A young woman with a tablet computer approached me in the busy hallway at the Penn Stater Conference Center where I was spending the day at the 25th PASA Conference on Friday. Would I participate in a survey? I answered the requisite questions about my age, how many acres I farm and how I learned about the conference. I had to stop to think when she asked me how many conferences I had attended.
I remembered hearing Ben Hewitt telling me (among other things) that I need to remember that the the way you spend your time is the way you spend your life. His talk pointed me in the direction of his entertaining blog and his book "The Town That Food Saved."At the time, he was at work on his latest book, "Adventures in Parenting Off The Beaten Path, Unschooling and Reconnecting With The Natural World."
Daphne Miller, M.D. introduced fascinating new thinking about the relationship between the health of our soil and the health of our bodies.
Last year, Frances Moore Lappe spoke about her work with the Small Planet Institute and the 10 Myths of World Hunger. (I was familiar with her as the author of "Diet For A Small Planet," my introduction to a plant-based diet and the concept of complementary protein sources.)"We are not simply nourished by the soil, we are of the soil! So, starting from that premise, it stands to reason that we should care for our bodies in the same way that a mindful farmer cares for the soil. And, of course, we should treat our farms and soil as if they are an extension of our body."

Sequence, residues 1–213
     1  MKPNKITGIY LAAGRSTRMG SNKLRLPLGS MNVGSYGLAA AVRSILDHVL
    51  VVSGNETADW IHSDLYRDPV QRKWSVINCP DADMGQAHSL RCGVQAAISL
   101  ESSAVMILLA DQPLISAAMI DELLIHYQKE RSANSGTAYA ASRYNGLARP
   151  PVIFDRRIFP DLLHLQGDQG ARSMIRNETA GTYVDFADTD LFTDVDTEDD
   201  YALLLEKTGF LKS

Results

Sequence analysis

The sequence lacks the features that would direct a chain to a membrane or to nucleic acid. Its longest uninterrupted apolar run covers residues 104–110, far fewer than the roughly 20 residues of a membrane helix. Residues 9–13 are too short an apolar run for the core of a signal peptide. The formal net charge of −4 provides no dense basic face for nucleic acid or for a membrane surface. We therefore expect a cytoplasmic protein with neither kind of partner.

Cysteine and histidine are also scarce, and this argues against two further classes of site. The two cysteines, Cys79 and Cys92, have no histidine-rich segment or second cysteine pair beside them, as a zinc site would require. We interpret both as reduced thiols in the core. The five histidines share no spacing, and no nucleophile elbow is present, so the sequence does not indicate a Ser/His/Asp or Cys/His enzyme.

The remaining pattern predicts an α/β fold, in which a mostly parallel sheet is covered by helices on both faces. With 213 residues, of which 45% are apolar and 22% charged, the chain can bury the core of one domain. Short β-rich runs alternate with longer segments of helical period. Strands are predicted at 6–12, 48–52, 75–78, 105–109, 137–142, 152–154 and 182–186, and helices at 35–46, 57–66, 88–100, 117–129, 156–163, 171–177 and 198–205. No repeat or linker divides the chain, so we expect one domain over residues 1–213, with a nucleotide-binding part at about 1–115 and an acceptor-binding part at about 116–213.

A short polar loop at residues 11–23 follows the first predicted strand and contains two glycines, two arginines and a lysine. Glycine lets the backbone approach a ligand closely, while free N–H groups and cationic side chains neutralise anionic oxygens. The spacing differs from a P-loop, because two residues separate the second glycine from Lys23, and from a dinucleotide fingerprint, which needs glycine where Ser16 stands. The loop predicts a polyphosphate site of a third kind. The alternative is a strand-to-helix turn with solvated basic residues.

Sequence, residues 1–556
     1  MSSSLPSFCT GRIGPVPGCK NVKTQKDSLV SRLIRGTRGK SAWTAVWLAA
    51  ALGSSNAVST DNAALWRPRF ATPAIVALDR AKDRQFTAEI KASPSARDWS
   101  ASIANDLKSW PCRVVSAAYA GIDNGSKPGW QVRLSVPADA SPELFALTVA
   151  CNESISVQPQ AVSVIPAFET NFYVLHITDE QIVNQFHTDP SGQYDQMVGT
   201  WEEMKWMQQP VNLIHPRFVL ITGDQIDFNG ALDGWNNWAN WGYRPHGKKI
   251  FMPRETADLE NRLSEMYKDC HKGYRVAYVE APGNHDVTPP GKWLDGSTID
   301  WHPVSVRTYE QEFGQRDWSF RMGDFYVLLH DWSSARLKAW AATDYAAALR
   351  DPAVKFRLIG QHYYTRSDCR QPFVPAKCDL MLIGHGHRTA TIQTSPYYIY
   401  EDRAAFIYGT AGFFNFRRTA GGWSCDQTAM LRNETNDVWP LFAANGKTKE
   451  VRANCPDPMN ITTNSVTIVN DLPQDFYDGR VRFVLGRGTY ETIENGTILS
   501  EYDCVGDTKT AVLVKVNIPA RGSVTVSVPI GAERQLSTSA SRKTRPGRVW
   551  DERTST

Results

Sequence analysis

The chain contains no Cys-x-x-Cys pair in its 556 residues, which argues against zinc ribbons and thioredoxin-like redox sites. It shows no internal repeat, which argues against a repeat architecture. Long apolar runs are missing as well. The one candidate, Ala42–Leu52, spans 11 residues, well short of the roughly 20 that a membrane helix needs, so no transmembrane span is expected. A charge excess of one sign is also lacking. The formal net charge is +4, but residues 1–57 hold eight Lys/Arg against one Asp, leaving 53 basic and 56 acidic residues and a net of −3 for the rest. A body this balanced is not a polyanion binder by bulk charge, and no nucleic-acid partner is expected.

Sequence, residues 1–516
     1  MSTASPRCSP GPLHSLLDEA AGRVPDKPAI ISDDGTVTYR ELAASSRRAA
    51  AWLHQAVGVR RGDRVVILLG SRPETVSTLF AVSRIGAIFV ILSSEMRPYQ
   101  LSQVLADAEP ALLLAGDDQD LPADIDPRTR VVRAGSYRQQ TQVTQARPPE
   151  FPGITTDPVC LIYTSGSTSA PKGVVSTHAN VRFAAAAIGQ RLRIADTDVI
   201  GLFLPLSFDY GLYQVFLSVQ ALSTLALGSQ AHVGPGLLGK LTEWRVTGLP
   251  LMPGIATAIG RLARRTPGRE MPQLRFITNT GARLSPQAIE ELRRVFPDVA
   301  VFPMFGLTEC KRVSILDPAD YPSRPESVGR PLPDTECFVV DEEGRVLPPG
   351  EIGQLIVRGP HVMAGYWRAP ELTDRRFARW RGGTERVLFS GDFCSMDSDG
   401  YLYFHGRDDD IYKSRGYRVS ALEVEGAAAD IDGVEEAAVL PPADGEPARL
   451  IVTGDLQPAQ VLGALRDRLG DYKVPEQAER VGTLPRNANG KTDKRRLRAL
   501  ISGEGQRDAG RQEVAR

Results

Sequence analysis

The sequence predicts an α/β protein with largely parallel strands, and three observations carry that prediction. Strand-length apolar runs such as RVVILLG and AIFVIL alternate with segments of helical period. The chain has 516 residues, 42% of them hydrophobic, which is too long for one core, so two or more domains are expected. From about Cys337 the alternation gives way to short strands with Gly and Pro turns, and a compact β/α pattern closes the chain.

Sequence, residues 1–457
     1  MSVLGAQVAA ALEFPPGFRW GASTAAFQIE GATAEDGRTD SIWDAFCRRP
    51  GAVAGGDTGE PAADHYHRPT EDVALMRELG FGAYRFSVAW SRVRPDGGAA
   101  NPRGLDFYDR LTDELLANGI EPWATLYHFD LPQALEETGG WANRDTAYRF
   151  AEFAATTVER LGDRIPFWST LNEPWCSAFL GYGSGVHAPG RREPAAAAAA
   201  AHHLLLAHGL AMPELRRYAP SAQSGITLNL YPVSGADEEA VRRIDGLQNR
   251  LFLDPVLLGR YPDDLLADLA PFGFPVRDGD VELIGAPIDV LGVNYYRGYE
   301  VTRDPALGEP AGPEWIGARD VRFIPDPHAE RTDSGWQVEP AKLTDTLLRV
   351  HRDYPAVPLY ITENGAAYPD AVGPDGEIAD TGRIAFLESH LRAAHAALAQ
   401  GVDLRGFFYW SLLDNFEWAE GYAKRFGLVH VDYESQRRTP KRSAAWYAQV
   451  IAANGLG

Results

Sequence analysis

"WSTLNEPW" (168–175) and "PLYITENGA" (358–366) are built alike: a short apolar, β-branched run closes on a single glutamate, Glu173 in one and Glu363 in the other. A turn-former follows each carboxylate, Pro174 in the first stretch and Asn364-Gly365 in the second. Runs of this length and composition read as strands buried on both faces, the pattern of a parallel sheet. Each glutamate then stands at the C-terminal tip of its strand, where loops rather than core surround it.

Wes Jackson of The Land Institute was the keynote speaker for my first PASA conference. His talk about the Farm Bill was eye-opening to this beginning farmer.
The Land Institute is a "science-based research organization that promotes an alternative to current destructive agricultural practices. Our work is dedicated to advancing perennial grain crops and polyculture farming solutions."This year marked the 25th anniversary of the PASA Farming For The Future Conference. In addition to the keynote speakers, the conference offers workshops, roundtable discussions and a trade show offering a variety of farming-related products (this is where I always pick up my Organic Mechanics seed starting mix).
Keynote speaker was Richard Alley whose engaging talk provided us with a look at how climate change is already affecting life on our planet. He says that there shouldn't be a serious role for politics in climate science -- science is science.
"We must have a dialogue about the things that really matter. Wisest paths forward, how hard do we work to reduce CO2 emissions, how hard do we work to prepare for the changes that are coming. Those sorts of questions are very big. They’re very important. And having them is a path to getting us towards a brighter future."